Humayun's Tomb

Humayun's Tomb

There are several monuments in Delhi which would make every Indian proud of his legacy. And the grand Humayun’s Tomb is one such monument. It was built 14 years after the Mughal emperor’s death, by Hamida Banu Begum, in memory of her beloved husband, under the patronage of their son Akbar, in the 1560s.

Humayun was the second Mughal emperor who ruled over what is now Afghanistan, Pakistan and parts of northern India.

The tomb, in red sandstone and white marble mostly, is regarded as the first of the grand dynastic mausoleums that became characteristic of Mughal architecture in the coming years. The Persian Mirak Mirza Ghiyath was the architect for this tomb. One can see influences of Timurid architecture as well as elements of Indian architecture, especially the Rajasthani chhatris, in this building.

Although Sikander Lodi’s tomb was the first garden-tomb to be built in India, historians say that Humayun’s Tomb set a new trend that culminated in the glorious Taj Mahal at Agra.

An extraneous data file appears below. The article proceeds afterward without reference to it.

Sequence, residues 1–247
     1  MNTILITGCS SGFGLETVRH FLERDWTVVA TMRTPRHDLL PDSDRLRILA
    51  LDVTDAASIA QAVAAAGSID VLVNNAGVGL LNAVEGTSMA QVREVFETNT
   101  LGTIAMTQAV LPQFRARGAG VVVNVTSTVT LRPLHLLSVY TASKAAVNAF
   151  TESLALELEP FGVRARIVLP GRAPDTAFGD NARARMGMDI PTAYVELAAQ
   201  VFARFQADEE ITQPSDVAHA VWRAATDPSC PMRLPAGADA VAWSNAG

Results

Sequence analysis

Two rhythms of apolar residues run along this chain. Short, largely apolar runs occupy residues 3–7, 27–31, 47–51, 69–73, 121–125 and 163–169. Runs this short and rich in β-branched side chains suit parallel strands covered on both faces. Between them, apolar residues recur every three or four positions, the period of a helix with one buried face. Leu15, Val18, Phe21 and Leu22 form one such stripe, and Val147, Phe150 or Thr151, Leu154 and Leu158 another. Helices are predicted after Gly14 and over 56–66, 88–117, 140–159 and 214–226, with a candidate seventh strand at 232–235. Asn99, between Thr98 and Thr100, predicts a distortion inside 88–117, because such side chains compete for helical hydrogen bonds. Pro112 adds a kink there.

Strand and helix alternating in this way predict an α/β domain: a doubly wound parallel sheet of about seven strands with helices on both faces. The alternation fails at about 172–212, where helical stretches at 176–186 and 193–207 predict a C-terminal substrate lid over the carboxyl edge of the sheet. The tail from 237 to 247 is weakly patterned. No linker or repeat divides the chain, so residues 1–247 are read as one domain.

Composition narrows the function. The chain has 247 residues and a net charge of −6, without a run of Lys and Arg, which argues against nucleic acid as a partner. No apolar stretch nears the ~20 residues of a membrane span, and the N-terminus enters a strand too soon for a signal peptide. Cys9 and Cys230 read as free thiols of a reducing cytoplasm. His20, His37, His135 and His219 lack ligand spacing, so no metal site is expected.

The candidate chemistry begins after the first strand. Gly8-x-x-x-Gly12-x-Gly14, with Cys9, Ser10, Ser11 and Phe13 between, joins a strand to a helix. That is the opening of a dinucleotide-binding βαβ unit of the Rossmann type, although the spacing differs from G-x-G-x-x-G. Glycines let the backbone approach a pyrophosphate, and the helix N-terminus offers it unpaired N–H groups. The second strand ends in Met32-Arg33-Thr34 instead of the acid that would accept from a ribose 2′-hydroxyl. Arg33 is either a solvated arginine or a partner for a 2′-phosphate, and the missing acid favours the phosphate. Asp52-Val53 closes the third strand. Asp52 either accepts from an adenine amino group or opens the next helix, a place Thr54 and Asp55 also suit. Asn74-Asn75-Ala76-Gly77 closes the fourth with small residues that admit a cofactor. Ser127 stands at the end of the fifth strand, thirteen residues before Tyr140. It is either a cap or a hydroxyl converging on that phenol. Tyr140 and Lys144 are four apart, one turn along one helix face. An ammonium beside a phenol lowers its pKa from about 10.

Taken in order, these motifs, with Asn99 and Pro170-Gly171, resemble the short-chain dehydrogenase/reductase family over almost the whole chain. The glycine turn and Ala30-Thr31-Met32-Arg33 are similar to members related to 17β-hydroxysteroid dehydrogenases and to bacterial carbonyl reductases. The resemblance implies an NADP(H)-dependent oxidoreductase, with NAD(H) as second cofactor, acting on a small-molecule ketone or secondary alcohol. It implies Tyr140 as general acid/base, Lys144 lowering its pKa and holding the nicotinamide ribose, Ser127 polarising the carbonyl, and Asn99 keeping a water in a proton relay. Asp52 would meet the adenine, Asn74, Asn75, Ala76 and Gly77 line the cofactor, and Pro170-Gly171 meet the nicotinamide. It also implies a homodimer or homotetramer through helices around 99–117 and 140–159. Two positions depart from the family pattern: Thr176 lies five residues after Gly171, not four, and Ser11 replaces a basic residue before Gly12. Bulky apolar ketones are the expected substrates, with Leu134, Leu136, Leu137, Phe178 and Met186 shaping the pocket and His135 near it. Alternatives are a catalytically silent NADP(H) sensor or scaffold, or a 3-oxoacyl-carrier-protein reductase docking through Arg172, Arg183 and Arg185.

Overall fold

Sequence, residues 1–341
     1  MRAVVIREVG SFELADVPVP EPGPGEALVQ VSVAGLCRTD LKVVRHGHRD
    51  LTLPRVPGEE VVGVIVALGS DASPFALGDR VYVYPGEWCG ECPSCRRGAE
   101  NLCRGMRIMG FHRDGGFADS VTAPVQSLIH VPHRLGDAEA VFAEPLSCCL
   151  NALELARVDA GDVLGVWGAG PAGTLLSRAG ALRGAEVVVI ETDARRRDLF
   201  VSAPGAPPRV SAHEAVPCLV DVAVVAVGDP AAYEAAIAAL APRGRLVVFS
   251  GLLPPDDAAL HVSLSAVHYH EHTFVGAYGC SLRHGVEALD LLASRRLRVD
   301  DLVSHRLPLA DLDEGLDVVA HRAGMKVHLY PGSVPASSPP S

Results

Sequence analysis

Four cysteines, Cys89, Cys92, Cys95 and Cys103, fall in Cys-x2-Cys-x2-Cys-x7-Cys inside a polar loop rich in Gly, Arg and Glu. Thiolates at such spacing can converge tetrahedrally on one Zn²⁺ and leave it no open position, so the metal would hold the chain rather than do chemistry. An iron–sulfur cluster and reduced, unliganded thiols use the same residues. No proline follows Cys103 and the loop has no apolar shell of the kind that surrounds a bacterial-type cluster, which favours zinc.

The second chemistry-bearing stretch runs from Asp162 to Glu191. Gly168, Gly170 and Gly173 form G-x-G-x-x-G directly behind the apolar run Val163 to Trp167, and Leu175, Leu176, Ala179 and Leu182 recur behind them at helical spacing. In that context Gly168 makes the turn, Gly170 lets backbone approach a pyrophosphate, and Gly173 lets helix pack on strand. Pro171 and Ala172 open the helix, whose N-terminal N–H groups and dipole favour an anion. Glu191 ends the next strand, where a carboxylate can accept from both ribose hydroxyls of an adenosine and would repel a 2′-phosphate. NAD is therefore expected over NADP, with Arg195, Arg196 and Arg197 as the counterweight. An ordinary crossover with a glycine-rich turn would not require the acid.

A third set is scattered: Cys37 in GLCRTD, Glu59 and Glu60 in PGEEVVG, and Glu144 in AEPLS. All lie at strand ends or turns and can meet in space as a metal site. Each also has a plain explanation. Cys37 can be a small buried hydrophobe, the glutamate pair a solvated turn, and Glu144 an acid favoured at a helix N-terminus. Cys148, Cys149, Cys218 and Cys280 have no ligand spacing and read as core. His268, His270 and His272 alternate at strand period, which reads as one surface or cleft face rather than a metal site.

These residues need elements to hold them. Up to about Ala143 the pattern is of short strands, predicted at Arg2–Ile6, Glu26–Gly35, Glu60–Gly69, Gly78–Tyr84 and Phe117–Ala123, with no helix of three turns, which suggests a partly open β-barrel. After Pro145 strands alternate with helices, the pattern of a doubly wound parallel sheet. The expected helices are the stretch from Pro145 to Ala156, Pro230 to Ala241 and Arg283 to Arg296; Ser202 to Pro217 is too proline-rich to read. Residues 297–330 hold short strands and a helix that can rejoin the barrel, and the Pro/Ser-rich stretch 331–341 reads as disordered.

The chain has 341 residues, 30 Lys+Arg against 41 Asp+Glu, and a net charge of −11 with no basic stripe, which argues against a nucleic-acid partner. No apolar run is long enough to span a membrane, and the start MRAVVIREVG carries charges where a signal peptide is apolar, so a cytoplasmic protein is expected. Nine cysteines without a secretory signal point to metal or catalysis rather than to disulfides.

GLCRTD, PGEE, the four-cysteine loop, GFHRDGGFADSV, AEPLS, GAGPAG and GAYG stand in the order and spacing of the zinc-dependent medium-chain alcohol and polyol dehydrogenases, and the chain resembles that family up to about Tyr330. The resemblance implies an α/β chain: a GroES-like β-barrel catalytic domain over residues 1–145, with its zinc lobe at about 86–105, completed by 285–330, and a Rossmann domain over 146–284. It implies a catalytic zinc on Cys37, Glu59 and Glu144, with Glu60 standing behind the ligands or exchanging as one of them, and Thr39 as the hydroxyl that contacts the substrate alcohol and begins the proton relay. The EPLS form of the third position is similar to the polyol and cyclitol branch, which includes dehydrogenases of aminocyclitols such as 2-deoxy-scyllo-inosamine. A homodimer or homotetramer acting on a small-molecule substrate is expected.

Placed at the centre of a 30-acre Persian-style quadrilateral garden (known as Charbagh) marked by paved walkways and 2 bisecting central water channels, Humayun’s Tomb, in terms of scale, is the first of its kind in the South-Asian region. Even on a hot summer day, one can relax under the trees around the tomb or by the water channels, and marvel at the lovely pietra dura all around its façade.

Pietra dura, known as parchin kari in South Asia, is an inlay technique of using cut and highly polished coloured stones to create images. This, along with the burial technique, where the real burial chamber lies exactly beneath the upper cenotaph, is an important inheritance of Indo-Islamic architecture.

Adding to the aura of Humayun’s Tomb is the shrine of the great Sufi saint Nizamuddin Auliya, which is just a stone’s throw away. So a day well spent around these parts of Delhi would mean lounging at the premises of the tomb and then going over to the shrine for blessings and a soulful evening of qawwali.

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